At the time I was studying human rights at the University of Waikato School of Law, writing a paper on that very debate. I thought it was terribly important to resolve for myself the complex questions around human rights and cultural difference. I struggled to find a simple way forward which would justify my plans to make a life of working to promote and protect human rights (Whose rights? Defined by whom?).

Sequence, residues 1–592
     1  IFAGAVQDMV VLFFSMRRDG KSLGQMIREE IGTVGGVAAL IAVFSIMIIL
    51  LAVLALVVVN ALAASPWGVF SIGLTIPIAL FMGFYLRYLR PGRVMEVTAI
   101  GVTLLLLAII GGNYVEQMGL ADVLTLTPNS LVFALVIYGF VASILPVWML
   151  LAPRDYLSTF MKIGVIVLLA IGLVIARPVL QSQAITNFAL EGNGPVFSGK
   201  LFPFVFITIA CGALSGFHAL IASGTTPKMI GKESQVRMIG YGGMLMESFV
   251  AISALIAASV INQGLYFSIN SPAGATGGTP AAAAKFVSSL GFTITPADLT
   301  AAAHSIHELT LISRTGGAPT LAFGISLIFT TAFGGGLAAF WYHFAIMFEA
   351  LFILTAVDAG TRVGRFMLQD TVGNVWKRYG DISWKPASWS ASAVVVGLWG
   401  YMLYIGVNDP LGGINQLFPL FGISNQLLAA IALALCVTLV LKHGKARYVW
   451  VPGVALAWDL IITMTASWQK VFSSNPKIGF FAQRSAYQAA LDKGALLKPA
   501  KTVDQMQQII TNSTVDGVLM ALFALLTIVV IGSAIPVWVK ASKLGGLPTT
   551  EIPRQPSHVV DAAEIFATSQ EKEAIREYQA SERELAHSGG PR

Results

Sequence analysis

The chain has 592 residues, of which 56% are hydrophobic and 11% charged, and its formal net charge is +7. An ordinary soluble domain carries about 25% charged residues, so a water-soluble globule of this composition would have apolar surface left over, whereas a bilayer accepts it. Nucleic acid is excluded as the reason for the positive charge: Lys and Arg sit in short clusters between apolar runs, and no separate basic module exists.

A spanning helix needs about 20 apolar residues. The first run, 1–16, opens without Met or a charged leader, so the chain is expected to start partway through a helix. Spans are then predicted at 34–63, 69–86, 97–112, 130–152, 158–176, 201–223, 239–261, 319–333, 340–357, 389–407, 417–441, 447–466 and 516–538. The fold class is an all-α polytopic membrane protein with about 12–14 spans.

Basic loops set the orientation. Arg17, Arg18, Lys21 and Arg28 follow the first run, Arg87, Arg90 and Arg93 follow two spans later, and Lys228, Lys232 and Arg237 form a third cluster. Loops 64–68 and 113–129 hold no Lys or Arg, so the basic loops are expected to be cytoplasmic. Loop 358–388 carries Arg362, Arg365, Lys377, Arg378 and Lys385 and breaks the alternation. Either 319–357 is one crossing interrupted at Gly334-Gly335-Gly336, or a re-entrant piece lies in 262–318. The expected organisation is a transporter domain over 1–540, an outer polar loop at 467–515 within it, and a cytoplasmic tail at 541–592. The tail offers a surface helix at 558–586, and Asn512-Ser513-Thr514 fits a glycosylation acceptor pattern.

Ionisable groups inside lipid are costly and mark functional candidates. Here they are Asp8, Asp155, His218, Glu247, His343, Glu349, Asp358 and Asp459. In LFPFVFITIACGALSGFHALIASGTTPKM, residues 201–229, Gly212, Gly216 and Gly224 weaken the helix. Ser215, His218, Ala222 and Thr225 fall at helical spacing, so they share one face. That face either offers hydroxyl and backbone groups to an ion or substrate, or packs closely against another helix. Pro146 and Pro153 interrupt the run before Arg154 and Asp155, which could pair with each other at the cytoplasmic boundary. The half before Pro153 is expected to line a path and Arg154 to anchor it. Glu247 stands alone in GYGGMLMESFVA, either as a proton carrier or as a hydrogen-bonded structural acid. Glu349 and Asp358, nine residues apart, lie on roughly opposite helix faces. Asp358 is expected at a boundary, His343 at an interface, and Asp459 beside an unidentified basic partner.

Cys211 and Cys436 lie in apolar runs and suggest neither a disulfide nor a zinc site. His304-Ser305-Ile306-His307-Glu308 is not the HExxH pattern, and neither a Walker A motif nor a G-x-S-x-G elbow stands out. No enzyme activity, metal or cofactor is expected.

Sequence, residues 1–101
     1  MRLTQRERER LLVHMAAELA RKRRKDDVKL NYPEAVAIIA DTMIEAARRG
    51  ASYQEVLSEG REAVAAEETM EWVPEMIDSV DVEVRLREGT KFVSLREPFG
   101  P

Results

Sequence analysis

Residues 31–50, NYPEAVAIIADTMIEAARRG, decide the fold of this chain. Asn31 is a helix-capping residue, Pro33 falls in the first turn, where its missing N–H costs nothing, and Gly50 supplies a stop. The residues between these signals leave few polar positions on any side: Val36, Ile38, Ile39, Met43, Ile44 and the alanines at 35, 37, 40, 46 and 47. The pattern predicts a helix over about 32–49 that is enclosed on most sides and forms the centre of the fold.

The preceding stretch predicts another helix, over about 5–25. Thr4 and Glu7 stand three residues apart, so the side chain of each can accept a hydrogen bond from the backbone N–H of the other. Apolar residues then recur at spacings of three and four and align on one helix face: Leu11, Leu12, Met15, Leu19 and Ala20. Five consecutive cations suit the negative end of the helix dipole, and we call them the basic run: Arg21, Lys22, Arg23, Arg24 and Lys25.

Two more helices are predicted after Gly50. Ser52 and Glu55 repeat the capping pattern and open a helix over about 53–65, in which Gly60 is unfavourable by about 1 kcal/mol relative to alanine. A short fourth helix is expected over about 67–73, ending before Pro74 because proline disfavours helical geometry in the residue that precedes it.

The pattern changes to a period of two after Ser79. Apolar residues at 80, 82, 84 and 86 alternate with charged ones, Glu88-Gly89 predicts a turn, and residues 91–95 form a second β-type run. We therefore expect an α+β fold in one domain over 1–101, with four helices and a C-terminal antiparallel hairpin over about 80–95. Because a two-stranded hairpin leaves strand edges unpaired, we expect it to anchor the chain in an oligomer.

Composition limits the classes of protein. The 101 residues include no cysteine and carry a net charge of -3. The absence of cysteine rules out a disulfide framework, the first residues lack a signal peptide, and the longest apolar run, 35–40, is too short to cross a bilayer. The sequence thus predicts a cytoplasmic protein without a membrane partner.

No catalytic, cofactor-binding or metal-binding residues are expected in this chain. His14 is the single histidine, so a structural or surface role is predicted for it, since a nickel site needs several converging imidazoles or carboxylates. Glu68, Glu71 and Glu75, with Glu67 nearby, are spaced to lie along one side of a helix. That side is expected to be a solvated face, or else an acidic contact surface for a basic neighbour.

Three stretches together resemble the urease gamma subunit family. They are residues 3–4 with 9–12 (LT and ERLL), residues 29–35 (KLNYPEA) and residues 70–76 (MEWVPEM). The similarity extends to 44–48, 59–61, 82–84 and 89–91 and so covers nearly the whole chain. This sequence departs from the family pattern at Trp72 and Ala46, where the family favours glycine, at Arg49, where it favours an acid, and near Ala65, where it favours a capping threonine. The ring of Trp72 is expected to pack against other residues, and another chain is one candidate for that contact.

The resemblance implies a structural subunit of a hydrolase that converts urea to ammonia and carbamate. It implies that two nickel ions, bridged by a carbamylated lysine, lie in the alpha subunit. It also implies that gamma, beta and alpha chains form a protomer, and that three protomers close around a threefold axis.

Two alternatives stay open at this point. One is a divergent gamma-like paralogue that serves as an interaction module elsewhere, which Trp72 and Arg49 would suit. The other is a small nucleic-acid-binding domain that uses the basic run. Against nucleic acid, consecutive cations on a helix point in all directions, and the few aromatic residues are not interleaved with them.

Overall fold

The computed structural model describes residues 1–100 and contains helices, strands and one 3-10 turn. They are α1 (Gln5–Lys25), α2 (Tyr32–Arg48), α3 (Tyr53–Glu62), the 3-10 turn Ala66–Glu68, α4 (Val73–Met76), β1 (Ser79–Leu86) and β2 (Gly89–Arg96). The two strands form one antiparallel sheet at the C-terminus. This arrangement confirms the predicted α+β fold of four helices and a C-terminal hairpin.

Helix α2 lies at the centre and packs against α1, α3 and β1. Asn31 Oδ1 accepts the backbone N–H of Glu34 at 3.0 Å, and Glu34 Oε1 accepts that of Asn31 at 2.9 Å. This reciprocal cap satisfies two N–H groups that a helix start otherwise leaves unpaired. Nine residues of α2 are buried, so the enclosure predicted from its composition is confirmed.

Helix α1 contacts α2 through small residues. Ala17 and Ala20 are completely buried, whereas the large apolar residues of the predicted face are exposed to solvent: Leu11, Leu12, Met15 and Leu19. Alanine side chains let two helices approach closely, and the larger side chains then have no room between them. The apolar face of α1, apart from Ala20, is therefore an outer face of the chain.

Years later, when I was working as a human rights lawyer in the Gaza Strip, my boss and friend Raji Sourani suggested to me that those who rely on the defence of cultural relativism when arguing against the universal application of human rights principles are, more often than not, the same people who hold power within the system that they claim needs to be protected from outside interference. Those who are vulnerable, those without power or protection in that system, he argued, will not be the ones raising the cultural relativism argument. His assertions were of course debatable, except perhaps as the broadest generalisations, but they served my purpose at the time and offered a simple and practical way out of the maze, so I was happy to accept them.